Ironically, there are chemicals that can leach into the water you’re drinking from disposable plastic bottles. If you’re looking for an alternative, I like Hydro Flask for their design and ability to keep their contents hot or cold for longer than conventional, plastic bottles. They’re also made from steel. So you’re bypassing most plastics while you’re filling up your bottle. Win, win. Or get one from your local thrift shop. You’ll be recycling and saving resources!

Take Public Transportation or Walk/Ride a Bike

With so many cars on the road, this one is a no brainer. I’m not suggesting that you sell your car. Only to take a closer look at your driving patterns. Where are you going and how often? What’s the nature of the trips you’re taking? Is there another way to get to where you need to be without hopping in the car? Do you work or go to school in an area that has a robust transit system? Maybe instead of taking your own vehicle, you could share a ride with thousands of others, and do your part to lower greenhouse gasses.

Not to mention that commutes can be ideal times to catch up on your favorite podcasts or reading. Writing if that’s something you’re in the habit of, or meditating. Something I did on my way into work when I worked in Cambridge.

Owning a car is a necessity for most people though. For example, if you have children you may need to drop them off at school in the mornings, or pick them up in the afternoon or bring them to various activities. Also, grocery shopping can be difficult if you don’t have a way to bring your groceries home. So you’ll need to rely on your car for certain things for sure.

Getting Around Without a Car

I don’t have a car, and still manage to get all the things done on my list. I walk to work or when I worked further away, I took public transit which was very reliable. When I go grocery shopping, I take public transit to the store, and take a Lyft home. Of course, I only need to take care of myself. If I had a family that relied on me, I would most likely find another way to provide for them. This is where a car would come in handy. What I’m suggesting is, that we think of different ways to get our needs met when it comes to transportation.

If you live close to a commuter rail station, or subway or bus stop, consider taking them to your workplace instead of driving. Or maybe carpooling with a co-worker who lives close to you. This will help you to save on gas, while using a service that is already running or share a ride with someone who is going your way. Reducing your carbon footprint even further. Do you live close enough to walk or ride a bike? Consider these carbon neutral ways of greening your commute time.

Donate Time or Resources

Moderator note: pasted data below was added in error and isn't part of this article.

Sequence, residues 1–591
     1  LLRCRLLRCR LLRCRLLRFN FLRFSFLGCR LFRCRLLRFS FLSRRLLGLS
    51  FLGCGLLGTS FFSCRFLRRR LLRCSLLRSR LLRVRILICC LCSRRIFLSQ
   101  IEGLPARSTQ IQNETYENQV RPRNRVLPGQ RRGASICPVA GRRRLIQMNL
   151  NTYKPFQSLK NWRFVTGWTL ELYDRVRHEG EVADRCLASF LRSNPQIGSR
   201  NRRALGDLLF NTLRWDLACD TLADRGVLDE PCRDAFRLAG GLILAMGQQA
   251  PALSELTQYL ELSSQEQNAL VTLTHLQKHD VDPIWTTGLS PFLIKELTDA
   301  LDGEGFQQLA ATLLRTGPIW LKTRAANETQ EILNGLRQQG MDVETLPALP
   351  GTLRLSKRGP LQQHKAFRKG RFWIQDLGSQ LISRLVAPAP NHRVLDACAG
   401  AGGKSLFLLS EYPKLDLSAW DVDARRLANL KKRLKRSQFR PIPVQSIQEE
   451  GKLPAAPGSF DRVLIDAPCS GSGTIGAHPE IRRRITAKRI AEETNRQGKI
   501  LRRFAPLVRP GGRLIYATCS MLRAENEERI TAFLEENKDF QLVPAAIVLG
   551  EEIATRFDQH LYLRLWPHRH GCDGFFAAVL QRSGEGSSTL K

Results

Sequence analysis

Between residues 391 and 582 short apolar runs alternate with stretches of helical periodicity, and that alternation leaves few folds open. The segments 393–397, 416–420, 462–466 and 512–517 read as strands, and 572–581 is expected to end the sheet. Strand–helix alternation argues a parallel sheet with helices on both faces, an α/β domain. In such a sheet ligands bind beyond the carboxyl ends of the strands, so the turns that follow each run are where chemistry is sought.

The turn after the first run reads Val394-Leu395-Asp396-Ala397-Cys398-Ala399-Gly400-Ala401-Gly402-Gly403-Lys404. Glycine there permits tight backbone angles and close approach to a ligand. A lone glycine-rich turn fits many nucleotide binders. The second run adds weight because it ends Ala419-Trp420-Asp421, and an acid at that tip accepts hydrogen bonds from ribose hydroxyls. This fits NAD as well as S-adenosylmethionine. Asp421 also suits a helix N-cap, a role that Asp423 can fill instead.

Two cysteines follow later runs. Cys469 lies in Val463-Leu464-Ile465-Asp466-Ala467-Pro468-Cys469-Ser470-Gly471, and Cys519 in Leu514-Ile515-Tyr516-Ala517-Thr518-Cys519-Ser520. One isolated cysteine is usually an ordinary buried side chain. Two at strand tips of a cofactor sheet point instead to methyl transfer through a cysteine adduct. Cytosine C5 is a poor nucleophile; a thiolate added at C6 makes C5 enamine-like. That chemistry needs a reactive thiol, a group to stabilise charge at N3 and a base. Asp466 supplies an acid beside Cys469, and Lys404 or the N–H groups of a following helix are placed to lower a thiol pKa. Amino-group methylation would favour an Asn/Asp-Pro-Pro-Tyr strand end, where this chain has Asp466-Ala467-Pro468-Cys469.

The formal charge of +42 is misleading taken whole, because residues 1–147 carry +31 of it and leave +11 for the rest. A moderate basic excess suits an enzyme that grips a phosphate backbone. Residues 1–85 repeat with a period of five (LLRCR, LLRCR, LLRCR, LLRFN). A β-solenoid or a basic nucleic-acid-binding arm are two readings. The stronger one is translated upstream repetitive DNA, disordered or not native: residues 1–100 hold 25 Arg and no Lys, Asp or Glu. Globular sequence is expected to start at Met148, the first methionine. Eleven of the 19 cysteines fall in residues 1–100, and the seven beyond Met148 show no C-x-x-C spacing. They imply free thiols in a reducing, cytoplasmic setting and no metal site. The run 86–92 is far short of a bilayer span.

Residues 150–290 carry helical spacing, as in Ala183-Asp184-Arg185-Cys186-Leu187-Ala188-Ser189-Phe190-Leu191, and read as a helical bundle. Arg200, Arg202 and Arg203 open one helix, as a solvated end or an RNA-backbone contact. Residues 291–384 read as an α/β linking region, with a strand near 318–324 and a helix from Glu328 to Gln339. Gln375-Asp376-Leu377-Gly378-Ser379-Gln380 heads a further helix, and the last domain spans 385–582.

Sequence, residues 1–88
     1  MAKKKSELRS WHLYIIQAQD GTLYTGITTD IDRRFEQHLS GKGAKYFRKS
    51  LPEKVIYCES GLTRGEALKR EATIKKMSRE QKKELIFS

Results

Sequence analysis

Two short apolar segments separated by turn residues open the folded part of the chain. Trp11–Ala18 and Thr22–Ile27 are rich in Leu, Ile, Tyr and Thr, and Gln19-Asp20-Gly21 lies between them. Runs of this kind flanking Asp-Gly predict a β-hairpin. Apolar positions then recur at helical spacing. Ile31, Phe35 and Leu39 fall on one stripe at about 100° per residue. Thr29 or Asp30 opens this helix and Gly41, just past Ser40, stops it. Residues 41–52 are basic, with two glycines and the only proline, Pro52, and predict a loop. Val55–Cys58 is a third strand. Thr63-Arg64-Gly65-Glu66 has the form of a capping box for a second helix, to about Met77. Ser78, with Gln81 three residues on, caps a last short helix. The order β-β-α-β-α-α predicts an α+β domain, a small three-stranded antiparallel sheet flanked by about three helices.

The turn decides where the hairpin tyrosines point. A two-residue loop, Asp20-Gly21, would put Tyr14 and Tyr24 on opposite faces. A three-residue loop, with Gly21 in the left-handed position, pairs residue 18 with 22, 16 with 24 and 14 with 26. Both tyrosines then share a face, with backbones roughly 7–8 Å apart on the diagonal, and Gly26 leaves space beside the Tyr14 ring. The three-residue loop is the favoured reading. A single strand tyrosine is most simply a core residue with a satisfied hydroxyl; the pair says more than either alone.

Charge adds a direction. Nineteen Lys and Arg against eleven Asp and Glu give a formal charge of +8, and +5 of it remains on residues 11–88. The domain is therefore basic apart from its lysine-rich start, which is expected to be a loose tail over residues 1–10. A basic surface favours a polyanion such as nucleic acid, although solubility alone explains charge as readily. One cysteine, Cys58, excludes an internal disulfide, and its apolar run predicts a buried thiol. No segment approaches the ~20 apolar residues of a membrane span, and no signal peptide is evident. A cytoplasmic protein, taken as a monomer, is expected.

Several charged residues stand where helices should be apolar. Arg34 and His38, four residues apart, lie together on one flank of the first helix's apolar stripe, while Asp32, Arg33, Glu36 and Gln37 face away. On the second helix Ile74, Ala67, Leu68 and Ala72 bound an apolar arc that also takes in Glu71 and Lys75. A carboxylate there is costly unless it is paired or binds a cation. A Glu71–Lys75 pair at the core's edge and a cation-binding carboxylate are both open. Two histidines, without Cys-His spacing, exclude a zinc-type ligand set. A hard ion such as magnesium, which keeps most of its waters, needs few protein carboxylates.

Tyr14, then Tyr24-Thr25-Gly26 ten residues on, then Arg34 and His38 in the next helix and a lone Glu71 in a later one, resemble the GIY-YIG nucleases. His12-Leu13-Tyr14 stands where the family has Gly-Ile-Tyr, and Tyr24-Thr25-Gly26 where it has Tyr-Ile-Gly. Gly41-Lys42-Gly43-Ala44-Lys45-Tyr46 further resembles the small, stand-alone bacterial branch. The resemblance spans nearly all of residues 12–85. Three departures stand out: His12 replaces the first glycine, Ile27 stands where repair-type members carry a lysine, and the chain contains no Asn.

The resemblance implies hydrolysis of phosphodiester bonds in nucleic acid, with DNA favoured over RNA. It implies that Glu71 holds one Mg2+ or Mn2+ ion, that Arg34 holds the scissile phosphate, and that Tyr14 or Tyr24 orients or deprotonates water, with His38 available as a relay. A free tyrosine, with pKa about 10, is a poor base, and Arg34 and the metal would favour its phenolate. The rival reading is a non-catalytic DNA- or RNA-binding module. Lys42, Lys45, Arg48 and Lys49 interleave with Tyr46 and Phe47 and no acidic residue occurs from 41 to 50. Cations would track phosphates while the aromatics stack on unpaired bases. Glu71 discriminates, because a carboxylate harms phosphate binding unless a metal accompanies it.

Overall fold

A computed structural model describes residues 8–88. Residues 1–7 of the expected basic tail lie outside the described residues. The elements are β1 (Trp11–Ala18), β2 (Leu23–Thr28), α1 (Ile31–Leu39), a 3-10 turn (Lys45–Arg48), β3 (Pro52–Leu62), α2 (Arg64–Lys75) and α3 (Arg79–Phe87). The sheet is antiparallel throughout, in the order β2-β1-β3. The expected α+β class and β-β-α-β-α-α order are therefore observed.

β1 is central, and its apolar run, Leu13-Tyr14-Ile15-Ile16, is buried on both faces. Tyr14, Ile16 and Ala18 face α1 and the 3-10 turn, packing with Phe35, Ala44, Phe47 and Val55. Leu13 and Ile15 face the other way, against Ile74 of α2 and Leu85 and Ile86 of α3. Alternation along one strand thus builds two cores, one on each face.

Are you an avid hiker? Do you use the beach frequently? These are great hobbies or activities to cultivate and ways to relax and destress. But there won’t be many places left for our enjoyment with the ways things are heading. What can we do about it? Find a place to volunteer or donate to, that are in line with your interests and hobbies.

If you enjoy going to the beach, why not join an organization that is cleaning the surf at your favorite oasis. Can’t find one? Start one. Organize your friends and family, maybe some coworkers as well. Throw a party on the beach you’re cleaning, but spend some time cleaning the beach first. Then you can all enjoy the the fruits of your labor while cooking out together.

The same idea can work for a particular park or reservation you enjoy hiking. In both cases, it may be best to get in touch with those who are in charge of the maintenance of the area you plan on cleaning. There may be efforts already taken in that direction.

If you’re short on time but have resources to donate, try finding an organization or charity that is in line with the type of activities and activism you enjoy. I’ve donated to 4Ocean, and the Appalachian Mountain Club in the past. If you’re looking for ideas on where to donate time or resources, this post from “The Good Trade” has a bunch of ideas on where to get started. Also, check your local community Facebook page. Or your city or town’s website. There could be something happening locally that you can get involved with. Taking some of the pressure off you to organize something new.

Get Involved

To sum up our current environmental situation, as an old co-worker of mine used to say, “it’s no easy”. And as another co-worker used to say, “that’s how it be sometimes.” I quote these people not to make light of the situation we’re in, but to bring a shared sense of struggle and hope. We’re not in this alone. It’s important to remember those who have helped pave the way and have already done good work. The people who have lifted our spirits when we felt totally overwhelmed by a situation, like the one we’re in now. Or those who have given us the wisdom to help get us through a project when we feel depleted, while there’s still more work to be done.

I’ll be looking into green, house assessments in the future and if you have any insights I’d love to hear about them in the comments section below. What are your green habits? But for right now, there is loads of work that needs to be done. Find something that sparks your interest and get involved in some way. Even if it’s something small to start. At least it’s a start. You’ll also feel better about being part of the solution. And connecting with like minded people along the way. Maybe making some new friends to boot. So get out there and lend a hand at making the world a little more green. You and the environment will be glad you did. Peace : ) & thanks for reading.